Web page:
Web accessibility for disabled people is very difficult to design or provide. It tends to be more useful for people with no disability, leading to greater satisfaction, while those with disabilities are being deprived for such satisfaction due to some problems which vary on the individual and the disability. It is important that people have equal access and opportunity
Accessible sites present information through multiple sensory channels, such as sound and sight, and they allow for additional means of site navigation and interactivity beyond the typical point-and-click-interface: keyboard-based control and voice-based navigation. The combination of a multisensory approach and a multi-interactivity approach allows disabled users to access the same information as nondisabled users.
By making your website accessible, you are ensuring that all of your potential users, including people with disabilities, have a decent user experience and are able to easily access your information. By implementing accessibility best practices, you are also improving the usability of the site for all users.
Accessibility overlaps with other best practices such as mobile web design , device independence, multi-modal interaction, usability, design for older users , and search engine optimization (SEO). Case studies show that accessible websites have better search results, reduced maintenance costs, and increased audience reach, among other benefits.”
Implementing Web accessibility often results in improved technical performance under several factors. Which are;
• Reduced bandwidth use and server load,
• Cross browser compatibility,
• Prepared for implementing future technologies,
• Reduced site development and maintenance time
• Contents on different configuration enablement, such as mobile devices, screen readers, different operating systems and browsers.
Making a website accessible to people with disabilities, will end up making it accessible to everyone. This depends on the developer building the web.
A developer should put into consideration the following;
The use of Alt-tags
The alt-tag or alternative (alt) html attribute is basically used to describe an image. Of course, the (alt=” “) can be empty but it would be better to give each a helpful description for screen readers. Assuming you were blind, what would you need to know about the image? “Woman” isn’t much help, but maybe “Woman drawing design flow chart including accessibility, usability, branding, and design” with the use of screen readers would be better
Use of Better Tables
Captions should be added to tables using the caption tag in order to make them easier to understand by screen readers rather than just making the title of a table in bold text.
The “scope” element should be added and neatly label in new rows and columns so that screen readers don’t simply rattle off a series of table cells without giving any context.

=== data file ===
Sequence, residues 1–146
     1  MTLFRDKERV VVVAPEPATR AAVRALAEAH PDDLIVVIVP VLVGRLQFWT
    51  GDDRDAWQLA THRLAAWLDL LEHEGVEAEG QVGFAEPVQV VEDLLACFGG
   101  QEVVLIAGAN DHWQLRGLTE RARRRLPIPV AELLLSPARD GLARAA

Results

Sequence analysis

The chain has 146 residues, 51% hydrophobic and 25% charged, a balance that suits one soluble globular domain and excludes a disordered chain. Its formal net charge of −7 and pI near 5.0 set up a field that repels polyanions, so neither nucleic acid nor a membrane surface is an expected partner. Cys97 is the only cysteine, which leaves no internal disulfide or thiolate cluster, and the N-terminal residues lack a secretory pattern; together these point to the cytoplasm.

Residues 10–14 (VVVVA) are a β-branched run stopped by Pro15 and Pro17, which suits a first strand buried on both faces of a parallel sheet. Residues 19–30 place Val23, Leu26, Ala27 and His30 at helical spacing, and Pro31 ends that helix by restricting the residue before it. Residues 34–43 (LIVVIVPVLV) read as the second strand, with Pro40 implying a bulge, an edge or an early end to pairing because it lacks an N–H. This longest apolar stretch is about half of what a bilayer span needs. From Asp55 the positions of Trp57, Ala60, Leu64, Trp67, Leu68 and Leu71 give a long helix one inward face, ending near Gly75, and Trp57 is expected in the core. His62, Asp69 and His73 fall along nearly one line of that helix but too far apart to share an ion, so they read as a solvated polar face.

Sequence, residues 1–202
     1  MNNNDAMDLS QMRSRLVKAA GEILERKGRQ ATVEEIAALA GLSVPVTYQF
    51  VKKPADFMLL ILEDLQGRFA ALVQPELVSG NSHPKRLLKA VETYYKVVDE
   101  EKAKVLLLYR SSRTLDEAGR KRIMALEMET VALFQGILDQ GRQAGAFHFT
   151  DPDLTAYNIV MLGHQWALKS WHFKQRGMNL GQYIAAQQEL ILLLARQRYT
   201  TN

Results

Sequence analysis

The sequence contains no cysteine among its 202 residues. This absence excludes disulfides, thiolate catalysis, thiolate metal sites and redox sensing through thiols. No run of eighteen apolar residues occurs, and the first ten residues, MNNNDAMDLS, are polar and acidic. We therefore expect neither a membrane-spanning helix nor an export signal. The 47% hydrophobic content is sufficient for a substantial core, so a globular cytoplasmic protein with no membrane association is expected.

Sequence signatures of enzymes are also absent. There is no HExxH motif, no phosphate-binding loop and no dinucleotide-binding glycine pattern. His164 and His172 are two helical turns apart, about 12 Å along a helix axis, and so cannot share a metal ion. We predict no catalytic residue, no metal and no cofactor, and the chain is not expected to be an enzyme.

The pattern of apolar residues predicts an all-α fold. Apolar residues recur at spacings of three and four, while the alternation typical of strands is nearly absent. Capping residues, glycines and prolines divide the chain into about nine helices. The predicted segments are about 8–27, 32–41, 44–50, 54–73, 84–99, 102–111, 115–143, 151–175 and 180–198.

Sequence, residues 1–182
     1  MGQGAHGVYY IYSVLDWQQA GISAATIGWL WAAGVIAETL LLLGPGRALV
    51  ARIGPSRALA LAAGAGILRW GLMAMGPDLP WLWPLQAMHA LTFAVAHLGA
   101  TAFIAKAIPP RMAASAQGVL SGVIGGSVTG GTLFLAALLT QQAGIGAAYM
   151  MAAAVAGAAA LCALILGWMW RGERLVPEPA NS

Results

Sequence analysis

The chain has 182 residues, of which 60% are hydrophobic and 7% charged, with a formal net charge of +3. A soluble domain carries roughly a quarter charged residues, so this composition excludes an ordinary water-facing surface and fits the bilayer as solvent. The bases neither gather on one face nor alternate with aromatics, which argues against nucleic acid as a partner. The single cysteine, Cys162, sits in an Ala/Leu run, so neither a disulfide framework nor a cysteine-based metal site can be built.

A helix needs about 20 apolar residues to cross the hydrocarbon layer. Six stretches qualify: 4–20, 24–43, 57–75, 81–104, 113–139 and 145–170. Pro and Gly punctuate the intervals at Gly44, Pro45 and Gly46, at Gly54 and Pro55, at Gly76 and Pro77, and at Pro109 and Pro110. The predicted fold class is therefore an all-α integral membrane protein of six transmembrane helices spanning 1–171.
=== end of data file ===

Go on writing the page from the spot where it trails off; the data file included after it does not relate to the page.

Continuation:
By default, anything on the website should be something that could be conceivably carried out using a keyboard only. Which means navigation buttons shouldn’t be messed.
For instance, navigation buttons should not be animated as dropdown buttons if they can’t be used with a screen reader.
Default HTML Tags Usage
Closed Captions for Media
The videos or audio elements on the website should have captions. Closed captions are very useful not only for accessibility (permanently and temporarily disabled users) but also for users who may be using the website somewhere where they can’t play audio, such as in an office or in a noisy location.
Text transcript for podcasts or other audio elements should be provided. The text transcript will not only make it easier for Google and other search engines to index the content and help with Google ranking, but also useful for people who can’t listen to the audio.
Having captions on media files will make it accessible to disabled users which will eventually be accessible by everyone.
Use of ARIA Tag
ARIA has a set of special accessibility HTML attributes which can be added to any markup, but is especially suited to HTML. The role attribute defines a specific role for type of object (such as an article, alert, slider or a button). Additional ARIA attributes provide other useful properties, such as a description for a form or the current width of a progress bar. ARIA attributes can also be used to specify active or disabled state for objects (especially buttons).
Browsers don’t always display the HTML title tag in the webpage body, but it is helpful for screen readers and tabs titles. Every website’s pages must have a descriptive but short title that tells visitors what the page is all about.
In conclusion, for a standard accessible website the following must be considered;
– 1. The user interface must be user friendly irrespective of the disability.
– 2. Functionality: The website should be accessible through mouse, keyboard and as well work with voice control system. This would allow the user to access the web using any of these functions, disability won’t be a barrier.
– 3. Headings must be used correctly to organize the structure of the content, there are different types of header, there are headers that indicate the title, headers that indicate the body, headers that indicate quoted words and many more.
– 4. Colors must be selected and used with care; in case there are users with sight issues.
– 5. Colors should as well not be used as navigational tools or sole way to differentiate items.
– 6. The website should have a skip navigation feature
– 7. The website link should have a unique and descriptive name.
– 8. If the website involves video, visual access must be provided to the audio information.
– 9. Images should include Alt text in the mark-up/code; complex images should have more extensive descriptions near the image (perhaps as a caption or descriptive summaries built right into a neighboring paragraph)
– 10. Avoid using tables for layouts; rather use it for tabular data.
Web accessibility solution: accessiBe.com — a recent 2020 review by WebDesigenrDepot.com
Accessibility Checker: achecker.ca
Developer Tools: Google Lighthouse
Why Web Accessibility is Important
Accessibility and SEO: Where they Overlap